So many players have poor ready positions. They stand up too straight, their feet are too close together, their weight isn't on the balls of their feet, and their non-playing arm hangs loosely at their side like a dead snake. But there's a simple cure I now use with many students. I go over to their side and say, "Let's play imaginary basketball. Cover me!" They immediately bend their knees to get down slightly, their feet go wider, their weight goes onto the balls of their feet, and their non-playing hand goes up. A perfect playing stance! So next time you play, why not get in the habit of starting each rally with a little imaginary basketball? (I wrote about this same topic yesterday, including the basketball angle, but I wanted to elaborate here.) 

Ten steps to a great service game

  1. Learn to serve with lots of spin by accelerating the racket through the ball and grazing it.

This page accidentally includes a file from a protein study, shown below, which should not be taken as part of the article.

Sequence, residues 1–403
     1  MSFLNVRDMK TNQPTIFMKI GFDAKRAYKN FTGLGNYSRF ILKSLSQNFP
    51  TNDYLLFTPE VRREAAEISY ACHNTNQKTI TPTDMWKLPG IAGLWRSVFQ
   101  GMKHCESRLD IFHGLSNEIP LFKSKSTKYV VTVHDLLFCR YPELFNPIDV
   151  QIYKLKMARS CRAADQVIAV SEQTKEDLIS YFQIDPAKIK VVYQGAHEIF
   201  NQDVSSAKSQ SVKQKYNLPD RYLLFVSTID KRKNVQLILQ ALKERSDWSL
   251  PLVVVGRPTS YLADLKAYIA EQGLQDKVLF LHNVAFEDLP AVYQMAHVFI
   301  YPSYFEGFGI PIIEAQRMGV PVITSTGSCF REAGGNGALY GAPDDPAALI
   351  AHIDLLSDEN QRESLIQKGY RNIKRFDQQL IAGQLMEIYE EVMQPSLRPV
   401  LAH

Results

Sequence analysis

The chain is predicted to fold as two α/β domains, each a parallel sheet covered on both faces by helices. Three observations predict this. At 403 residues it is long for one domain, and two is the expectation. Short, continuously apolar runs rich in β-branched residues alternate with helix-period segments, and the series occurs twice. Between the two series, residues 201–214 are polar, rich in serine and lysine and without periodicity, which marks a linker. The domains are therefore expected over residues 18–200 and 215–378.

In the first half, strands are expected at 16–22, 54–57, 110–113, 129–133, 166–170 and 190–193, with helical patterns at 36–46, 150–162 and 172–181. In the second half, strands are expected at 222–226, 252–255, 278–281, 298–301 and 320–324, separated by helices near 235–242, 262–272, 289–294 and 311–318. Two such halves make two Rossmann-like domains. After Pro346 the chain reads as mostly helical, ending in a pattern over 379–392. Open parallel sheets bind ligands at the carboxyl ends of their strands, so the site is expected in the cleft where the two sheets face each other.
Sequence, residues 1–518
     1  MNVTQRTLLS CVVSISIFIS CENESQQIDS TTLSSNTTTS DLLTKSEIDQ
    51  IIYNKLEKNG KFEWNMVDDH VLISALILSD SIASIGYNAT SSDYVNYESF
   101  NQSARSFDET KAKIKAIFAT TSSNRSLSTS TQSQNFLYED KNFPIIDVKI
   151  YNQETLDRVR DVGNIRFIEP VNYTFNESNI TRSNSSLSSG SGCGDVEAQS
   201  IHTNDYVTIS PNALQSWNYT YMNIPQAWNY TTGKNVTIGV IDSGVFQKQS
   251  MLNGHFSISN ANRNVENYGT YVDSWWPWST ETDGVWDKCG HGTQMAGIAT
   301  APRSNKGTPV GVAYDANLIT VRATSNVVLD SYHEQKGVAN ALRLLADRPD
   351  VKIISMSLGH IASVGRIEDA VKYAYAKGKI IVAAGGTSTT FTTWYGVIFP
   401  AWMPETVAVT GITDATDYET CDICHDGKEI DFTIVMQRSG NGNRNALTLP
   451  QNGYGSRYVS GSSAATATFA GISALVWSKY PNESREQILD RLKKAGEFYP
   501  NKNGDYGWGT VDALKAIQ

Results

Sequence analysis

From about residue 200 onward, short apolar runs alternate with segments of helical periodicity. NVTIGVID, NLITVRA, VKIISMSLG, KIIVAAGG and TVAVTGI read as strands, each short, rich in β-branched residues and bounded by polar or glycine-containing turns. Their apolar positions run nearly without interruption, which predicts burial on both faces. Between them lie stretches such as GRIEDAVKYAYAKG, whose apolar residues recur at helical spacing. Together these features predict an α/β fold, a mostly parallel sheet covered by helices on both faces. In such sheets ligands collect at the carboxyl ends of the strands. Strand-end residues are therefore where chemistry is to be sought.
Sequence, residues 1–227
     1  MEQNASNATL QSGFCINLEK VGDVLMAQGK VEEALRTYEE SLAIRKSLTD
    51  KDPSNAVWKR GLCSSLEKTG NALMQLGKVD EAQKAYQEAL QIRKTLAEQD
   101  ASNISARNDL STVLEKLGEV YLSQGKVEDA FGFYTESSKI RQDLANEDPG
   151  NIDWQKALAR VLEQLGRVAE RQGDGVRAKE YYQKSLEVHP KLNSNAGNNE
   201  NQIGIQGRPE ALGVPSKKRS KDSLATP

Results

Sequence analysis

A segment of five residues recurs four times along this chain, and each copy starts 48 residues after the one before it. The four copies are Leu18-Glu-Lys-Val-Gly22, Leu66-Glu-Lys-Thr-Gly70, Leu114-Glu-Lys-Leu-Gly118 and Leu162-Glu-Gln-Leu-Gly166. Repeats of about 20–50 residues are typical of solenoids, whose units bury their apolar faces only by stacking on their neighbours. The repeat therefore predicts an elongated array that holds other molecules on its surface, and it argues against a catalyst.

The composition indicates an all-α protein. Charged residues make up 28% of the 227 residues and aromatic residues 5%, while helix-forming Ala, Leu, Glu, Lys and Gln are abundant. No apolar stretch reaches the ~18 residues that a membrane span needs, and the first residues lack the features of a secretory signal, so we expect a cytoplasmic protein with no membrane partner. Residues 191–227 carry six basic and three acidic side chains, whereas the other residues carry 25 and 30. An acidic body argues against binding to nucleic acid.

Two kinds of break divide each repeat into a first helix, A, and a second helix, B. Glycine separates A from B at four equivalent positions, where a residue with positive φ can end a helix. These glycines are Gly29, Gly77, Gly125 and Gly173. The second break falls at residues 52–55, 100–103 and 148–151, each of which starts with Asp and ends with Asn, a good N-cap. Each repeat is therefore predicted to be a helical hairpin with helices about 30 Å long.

2. Learn to serve various spins, including backspin, side-backspin, sidespin, side-topspin, and topspin, with the sidespins going both ways.
  3. Learn to serve low.
  4. Learn to control the depth and direction of the serve.
  5. Learn to serve with spin using a semi-circular motion so you can create different spins with the same motion by varying where in the motion you contact the ball.
  6. Learn to minimize and do quickly this semi-circular motion so receiver has trouble picking up contact.
  7. Learn to change the direction of your follow-through with your racket the split second after contact to mislead the receiver.
  8. Learn to fake spin and serve no-spin by contacting the ball near the handle.
  9. Learn to serve fast & deep as a variation to your spin serves.
  10. Learn to follow up your serve.

Evolution of Table Tennis

Here are five videos that showcase the evolution of table tennis, from the hardbat days to the present. It includes extensive segments on the major champions. For example, Vol. 2 features Bohumil Vana and Ferenc Sido, while Vol. 3 features (among others) Johnny Leach and Hiroje Satoh (the latter the first sponge player).

  1. Vol. 1 (9:50)
  2. Vol. 2 (9:58)